It emerges that Inverarity had Mafia connections, illicitly attempting to sell the bones of forgotten U.S. World War II soldiers for use as charcoal to a cigarette company. One of The Paranoids' friends mentions that this strongly reminds her of a Jacobean revenge play she recently saw called The Courier's Tragedy. Intrigued by the coincidence, Oedipa and Metzger attend a performance of the play, which briefly mentions the name "Tristero". After the show, Oedipa approaches the play's director and star, Randolph Driblette, who deflects her questions about the mention of the unusual name. After seeing a man scribbling the post horn symbol, Oedipa seeks out Mike Fallopian, who tells her he suspects a conspiracy. This is supported when watermarks of the muted horn symbol are discovered hidden on Inverarity's private stamp collection. The symbol appears to be a muted variant of the coat of arms of Thurn and Taxis, an 18th-century European postal monopoly that suppressed all opposition, including Trystero (or Tristero), a competing postal service that was defeated but possibly driven underground. Based on the symbolism of the mute, Oedipa thinks that Trystero exists as a countercultural secret society with unknown goals. Communicating understanding is not as simple as Maxwell’s Demon because the act of sorting causes the system to lose entropy; it raises confusion; it uncovers more than it can cover up. When told that Pierce has died Oedipa can’t but imagine the bust of Jay Gould falling from that narrow shelf, even though she has no reason to ground that as fact. Notice that the very first action of the novel is the reception of a letter. The issue of letters, mail, and, more largely, communication are central motifs in this novel. Later, Oedipa will begin to uncover what she believes to be an old world-wide conspiracy related to mail delivery; hence, it is important to note the times when letters appear in the novel. In this first instance, the letter communicates important information: Her old boyfriend has died, leaving her with an enormous task to sort out. Keep in mind now that many of the letters later on in the novel will not contain any information at all. It delivers correspondence between various disaffected underground, alternative and countercultural groups, bohemians, hippies, anarchists, revolutionaries, non-conformists, protesters, students, geeks, artists, technologists and inventors, all of whom wish to communicate with each other without government knowledge or interference.Oedipa drives south to San Narciso, where she rents a room in a dingy motel called Echo Courts. Metzger, who is a stunningly handsome former child actor as well as Inverarity’s lawyer, shows up to her room unannounced. Oedipa and Metzger start drinking and watching Cashiered, an old movie of Metzger’s about a man who takes his young son and dog to fight in World War I. Meanwhile, the local commercials advertise Inverarity’s bizarre business ventures, like Fangoso Lagoons, a canal-filled suburb built especially for scuba divers, and Beaconsfield cigarettes, which have special filters made of bone charcoal. Alternatively, the prefix “in-” might mean “into” which might imply the piercing or penetration of the truth. Patterson, Troy (August 6, 2018). " Lodge 49, Reviewed: Channelling Pynchon to Capture California's High Hopes and Deep Loss". The New Yorker.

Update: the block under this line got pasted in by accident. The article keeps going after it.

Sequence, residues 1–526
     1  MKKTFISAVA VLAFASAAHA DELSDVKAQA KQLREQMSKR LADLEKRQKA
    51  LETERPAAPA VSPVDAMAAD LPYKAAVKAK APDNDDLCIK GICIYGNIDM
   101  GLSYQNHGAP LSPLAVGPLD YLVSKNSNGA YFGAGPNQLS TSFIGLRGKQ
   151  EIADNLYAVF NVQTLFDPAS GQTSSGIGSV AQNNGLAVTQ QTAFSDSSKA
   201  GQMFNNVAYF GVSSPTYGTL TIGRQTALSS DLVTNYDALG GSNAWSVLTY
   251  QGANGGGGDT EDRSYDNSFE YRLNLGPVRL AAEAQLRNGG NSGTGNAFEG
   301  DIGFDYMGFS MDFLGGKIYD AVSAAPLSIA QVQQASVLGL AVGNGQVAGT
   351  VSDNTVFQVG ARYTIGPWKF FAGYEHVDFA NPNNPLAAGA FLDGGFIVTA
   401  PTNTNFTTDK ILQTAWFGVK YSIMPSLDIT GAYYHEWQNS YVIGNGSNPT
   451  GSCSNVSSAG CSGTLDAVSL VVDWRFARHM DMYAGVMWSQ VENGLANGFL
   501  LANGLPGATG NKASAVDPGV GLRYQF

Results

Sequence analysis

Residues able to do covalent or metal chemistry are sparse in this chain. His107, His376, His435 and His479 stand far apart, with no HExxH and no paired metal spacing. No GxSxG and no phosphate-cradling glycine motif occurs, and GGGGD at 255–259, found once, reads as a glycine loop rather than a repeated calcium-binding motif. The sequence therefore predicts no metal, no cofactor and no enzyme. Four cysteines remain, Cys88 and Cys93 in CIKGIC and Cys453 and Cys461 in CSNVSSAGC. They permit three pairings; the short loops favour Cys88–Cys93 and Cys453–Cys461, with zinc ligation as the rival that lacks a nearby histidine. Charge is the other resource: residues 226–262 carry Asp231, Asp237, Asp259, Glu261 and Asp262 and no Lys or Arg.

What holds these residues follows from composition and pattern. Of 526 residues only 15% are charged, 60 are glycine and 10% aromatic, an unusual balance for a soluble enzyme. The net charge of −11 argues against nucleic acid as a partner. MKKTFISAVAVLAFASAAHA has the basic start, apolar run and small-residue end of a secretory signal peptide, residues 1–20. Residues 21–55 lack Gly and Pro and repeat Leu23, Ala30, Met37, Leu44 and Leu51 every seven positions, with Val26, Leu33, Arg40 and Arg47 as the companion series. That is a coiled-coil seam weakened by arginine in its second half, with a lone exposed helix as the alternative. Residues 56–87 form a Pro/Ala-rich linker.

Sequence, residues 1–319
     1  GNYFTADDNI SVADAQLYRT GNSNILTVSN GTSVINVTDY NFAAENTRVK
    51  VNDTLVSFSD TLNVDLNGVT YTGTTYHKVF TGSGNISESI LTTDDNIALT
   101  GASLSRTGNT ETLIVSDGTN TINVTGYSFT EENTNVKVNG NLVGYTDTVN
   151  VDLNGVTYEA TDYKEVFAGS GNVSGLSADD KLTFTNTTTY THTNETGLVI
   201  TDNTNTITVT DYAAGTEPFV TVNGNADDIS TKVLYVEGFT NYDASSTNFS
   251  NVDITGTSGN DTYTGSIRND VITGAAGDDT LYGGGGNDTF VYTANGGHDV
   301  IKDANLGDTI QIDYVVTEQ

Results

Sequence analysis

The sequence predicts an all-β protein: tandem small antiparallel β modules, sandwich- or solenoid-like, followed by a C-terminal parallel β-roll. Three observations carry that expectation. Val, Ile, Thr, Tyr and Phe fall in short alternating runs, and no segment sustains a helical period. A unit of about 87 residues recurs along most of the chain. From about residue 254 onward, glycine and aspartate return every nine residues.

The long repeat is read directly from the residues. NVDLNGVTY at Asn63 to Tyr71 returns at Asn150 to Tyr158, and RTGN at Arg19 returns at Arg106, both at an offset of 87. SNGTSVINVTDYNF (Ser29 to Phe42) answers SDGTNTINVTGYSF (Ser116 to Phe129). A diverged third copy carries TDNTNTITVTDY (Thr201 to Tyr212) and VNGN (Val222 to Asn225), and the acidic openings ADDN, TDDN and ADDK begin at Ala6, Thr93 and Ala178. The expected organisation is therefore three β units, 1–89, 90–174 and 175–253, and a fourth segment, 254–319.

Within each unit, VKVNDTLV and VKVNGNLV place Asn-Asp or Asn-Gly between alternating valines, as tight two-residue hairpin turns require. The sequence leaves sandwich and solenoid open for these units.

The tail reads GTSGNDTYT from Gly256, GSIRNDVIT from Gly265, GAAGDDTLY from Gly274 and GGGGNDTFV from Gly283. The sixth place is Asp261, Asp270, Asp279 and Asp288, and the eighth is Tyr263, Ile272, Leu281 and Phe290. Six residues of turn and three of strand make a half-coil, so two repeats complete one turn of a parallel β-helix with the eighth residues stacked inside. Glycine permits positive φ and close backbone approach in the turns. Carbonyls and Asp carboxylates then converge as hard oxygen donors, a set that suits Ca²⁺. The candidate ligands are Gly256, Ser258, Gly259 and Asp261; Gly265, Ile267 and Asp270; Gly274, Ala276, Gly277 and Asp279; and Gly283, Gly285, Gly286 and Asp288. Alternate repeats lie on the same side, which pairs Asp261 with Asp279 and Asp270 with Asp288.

She had looked down at her feet and known, then, because of a painting, that what she stood on had only been woven together a couple thousand miles away in her own tower, was only by accident known as Mexico, and so Pierce had taken her away from nothing, there'd been no escape. The Courier's Tragedy [ edit ] The reason for Pynchon’s success, and the reason why The Crying of Lot 49 is very much worth the bother, is perhaps hinted at by the sketchy author-bio above. Thomas Pynchon has a sense of humour. He clearly sees that there is something fundamentally hilarious about both fiction and the very idea of a fiction writer, and that it is only at this level of farce that a novel is able to be sure of anything. The song "Radio Zero" by The Poster Children mentions "Radio KCUF" in the lyrics. They also used W.A.S.T.E. and the post-horn on their first cassette. [14]It was not an act of treason, nor possibly even of defiance. But it was a calculated withdrawal, from the life of the Republic, from its machinery. Silence is important to any non-conformist or underground movement, not only from the point of secrecy, but in the sense that Dr. Winston O'Boogie (A.K.A. John Lennon) subsequently maintained that, “A conspiracy of silence speaks louder than words”.